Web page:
Where to Find Old Growth Forest in Seattle

Last Updated on January 30, 2024

Looking for some giant, ancient trees? You can find old growth forest in Seattle! Before white people came to the Pacific Northwest, old growth forests were everywhere (before extensive logging to power steam ships and for building). Today there are very few old growth trees left in Washington State and all are protected and they are in unique and special places. Walking among old growth trees is a wonderful activity if you are trying to get outside all year! This post will cover what an old growth forest is and where you can find old growth forest in Seattle as well as other parts of Washington State.

What is an Old Growth Forest?

In the Pacific Northwest old growth forests are those which are more than 250 years old, have multiple layers of trees, plants and canopy, with dead trees on the ground to nourish the younger trees. The key element of an old growth forest is that it has not been disturbed by human activity (such as logging). Most trees near Seattle and in Washington State were logged between the mid 1800’s and the mid 1900’s, but a few were saved!

In addition to their beauty and the awe of being in the presence of a living thing that is centuries old, there are many health benefits associated with being outside in the forest, including reduced stress and even lowered blood pressure.

Where can I see Old Growth Forest in Seattle?

Seward Park – Southeast Seattle

The chunky bark of an old growth Douglas Fir tree in Seattle's seward park
An old growth Douglas Fir tree in Seattle’s Seward Park

Some of the few remaining old growth trees are protected in the heart of Seattle’s Seward Park. You can easily access Seward Park by driving, biking or taking Metro Route 50. Bring this map with you so you can navigate the many trails around the park. The loop trail is paved and goes around the perimeter of the park, but to be immersed in old growth trees, head up one of the trails going into the interior of the park on the north end.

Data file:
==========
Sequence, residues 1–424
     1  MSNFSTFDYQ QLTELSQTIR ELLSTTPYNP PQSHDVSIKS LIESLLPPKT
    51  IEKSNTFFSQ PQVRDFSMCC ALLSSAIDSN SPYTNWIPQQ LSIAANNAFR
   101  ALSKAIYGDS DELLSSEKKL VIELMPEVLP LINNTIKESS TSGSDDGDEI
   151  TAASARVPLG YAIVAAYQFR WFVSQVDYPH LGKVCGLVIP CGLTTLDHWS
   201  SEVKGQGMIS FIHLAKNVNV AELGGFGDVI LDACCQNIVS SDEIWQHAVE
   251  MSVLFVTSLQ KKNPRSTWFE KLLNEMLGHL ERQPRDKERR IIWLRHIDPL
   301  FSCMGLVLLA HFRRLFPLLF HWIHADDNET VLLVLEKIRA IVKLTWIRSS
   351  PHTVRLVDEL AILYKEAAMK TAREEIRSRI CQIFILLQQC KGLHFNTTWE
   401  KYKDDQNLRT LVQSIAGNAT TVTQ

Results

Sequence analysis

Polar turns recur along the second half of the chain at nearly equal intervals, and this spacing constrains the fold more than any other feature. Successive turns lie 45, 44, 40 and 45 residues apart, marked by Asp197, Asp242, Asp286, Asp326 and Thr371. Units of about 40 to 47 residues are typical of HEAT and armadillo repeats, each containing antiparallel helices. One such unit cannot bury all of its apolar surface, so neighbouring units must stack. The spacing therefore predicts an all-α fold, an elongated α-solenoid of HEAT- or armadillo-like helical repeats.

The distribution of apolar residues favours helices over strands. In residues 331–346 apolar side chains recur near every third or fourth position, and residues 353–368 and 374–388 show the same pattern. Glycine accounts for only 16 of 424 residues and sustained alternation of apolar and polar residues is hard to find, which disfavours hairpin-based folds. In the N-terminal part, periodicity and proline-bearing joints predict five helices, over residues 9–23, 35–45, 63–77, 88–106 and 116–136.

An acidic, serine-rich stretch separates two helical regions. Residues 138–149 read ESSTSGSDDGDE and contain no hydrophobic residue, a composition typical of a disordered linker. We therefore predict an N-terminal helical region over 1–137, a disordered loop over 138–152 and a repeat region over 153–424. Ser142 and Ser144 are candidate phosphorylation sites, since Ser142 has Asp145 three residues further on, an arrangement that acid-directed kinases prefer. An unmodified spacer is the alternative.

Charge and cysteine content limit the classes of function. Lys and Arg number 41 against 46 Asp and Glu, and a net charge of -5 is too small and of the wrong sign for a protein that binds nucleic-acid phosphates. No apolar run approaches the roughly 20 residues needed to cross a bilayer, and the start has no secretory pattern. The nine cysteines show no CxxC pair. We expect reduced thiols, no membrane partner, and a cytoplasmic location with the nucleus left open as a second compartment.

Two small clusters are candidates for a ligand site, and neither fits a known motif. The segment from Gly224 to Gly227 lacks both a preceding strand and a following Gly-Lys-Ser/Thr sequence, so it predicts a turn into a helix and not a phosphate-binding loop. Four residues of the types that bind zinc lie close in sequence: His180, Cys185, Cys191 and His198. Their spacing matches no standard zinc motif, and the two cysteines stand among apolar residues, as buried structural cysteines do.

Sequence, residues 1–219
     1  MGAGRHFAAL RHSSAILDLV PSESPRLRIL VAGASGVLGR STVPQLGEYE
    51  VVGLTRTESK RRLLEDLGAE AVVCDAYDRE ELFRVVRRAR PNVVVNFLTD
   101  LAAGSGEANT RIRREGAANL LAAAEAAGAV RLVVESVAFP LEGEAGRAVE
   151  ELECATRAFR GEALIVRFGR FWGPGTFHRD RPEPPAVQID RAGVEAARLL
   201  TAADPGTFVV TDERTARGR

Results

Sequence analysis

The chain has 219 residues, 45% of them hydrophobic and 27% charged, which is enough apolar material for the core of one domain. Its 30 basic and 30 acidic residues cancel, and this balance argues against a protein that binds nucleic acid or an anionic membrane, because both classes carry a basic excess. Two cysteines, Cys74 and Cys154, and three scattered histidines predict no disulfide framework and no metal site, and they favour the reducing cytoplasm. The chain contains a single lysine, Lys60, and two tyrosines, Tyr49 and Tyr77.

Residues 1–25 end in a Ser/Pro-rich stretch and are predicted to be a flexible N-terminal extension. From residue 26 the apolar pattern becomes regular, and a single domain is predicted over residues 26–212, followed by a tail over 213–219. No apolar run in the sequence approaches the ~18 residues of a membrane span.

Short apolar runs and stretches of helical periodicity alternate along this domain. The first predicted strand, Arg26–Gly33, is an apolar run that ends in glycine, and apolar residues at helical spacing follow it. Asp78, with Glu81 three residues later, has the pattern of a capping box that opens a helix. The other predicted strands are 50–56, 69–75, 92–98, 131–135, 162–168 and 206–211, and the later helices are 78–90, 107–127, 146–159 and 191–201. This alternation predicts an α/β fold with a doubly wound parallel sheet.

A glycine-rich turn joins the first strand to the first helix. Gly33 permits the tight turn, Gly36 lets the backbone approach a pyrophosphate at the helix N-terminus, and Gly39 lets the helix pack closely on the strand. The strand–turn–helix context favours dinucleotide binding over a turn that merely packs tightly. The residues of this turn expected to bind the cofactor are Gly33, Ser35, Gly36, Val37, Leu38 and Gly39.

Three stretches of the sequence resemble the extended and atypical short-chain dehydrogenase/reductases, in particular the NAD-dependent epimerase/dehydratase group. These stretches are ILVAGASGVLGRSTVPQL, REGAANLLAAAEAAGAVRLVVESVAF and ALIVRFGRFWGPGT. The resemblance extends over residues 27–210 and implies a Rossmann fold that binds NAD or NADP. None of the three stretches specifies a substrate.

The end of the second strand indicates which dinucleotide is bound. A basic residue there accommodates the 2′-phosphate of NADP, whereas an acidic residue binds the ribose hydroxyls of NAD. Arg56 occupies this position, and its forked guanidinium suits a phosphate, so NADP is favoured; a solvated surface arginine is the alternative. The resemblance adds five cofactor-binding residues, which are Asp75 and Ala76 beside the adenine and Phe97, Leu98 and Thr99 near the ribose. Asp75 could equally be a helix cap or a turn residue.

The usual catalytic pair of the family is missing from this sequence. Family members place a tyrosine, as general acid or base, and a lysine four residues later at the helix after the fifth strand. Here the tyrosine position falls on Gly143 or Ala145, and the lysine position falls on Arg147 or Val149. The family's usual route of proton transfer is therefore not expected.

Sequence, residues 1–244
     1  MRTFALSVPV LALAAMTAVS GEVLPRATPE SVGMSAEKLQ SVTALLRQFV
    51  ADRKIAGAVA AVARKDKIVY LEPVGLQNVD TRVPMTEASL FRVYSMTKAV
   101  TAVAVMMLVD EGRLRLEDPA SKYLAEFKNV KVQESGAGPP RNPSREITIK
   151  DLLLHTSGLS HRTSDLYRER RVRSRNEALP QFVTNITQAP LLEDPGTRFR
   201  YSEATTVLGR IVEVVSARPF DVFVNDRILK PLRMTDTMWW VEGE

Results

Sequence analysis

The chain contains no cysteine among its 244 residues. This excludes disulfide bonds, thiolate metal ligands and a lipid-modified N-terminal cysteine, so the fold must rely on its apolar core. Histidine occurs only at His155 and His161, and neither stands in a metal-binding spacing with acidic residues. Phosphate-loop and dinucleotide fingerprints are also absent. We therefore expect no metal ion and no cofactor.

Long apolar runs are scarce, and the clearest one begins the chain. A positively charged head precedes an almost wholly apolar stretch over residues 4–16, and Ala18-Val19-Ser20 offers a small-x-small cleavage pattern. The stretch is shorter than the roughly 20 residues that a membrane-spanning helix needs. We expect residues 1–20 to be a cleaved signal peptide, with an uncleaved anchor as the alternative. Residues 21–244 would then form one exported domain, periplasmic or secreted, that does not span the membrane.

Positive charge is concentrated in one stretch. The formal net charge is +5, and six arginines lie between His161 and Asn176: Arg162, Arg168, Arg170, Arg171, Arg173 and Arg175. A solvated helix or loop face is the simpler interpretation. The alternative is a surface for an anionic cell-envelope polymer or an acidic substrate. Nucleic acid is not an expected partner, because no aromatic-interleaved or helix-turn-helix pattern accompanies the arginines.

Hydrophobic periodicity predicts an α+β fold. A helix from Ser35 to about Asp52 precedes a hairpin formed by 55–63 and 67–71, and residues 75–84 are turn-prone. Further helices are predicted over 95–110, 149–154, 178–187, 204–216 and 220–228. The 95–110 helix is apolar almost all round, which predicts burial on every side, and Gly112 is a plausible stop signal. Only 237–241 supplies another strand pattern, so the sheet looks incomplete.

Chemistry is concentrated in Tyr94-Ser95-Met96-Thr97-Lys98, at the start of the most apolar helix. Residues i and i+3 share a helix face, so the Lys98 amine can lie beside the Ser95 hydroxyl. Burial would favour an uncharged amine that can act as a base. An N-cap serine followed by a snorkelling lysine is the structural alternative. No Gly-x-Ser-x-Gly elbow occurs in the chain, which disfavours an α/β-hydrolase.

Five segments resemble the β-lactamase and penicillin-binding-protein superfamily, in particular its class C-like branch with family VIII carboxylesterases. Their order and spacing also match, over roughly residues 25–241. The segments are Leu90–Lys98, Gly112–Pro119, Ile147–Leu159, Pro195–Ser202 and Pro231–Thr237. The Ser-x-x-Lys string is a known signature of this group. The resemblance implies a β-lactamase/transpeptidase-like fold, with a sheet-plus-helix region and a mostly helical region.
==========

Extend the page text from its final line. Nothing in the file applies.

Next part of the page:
The loop trail is 2.5 miles and features views of Mt Rainier and downtown Seattle and has lots of birds including bald eagles. It’s an excellent place for swimming or kayaking in the summer too.

Schmitz Preserve Park – West Seattle

The papery bark of an old growth cedar tree and it's buttressed base in a dark forest in Seattle's Schmitz Preserve park
An old growth cedar tree in Seattle’s Schmitz Preserve park

In West Seattle, not far from Alki Beach, is Schmitz Preserve park, which features a 1.7 mile trail through the forest along a creek. This trail climbs up a bit but is never extremely steep. You can make this a longer adventure by walking along Alki beach as well. There are lots of restaurants and you can add this walk onto your beach day. Along the trail in Schmitz Preserve you’ll see a number of Old Growth trees toward the uphill end of the park.

Where else can I see Old Growth Forest near Seattle?

A hiker looks tiny next to an old growth Douglas Fir tree which we can only see the bottom of along a trail near Seattle
A hiker admires an old growth Douglas Fir tree along the Twin Falls Trail near Seattle

If you’re up for heading out of town or planning on doing some hiking, here are three trails within an hour of Seattle where you can see Old Growth trees along the trail.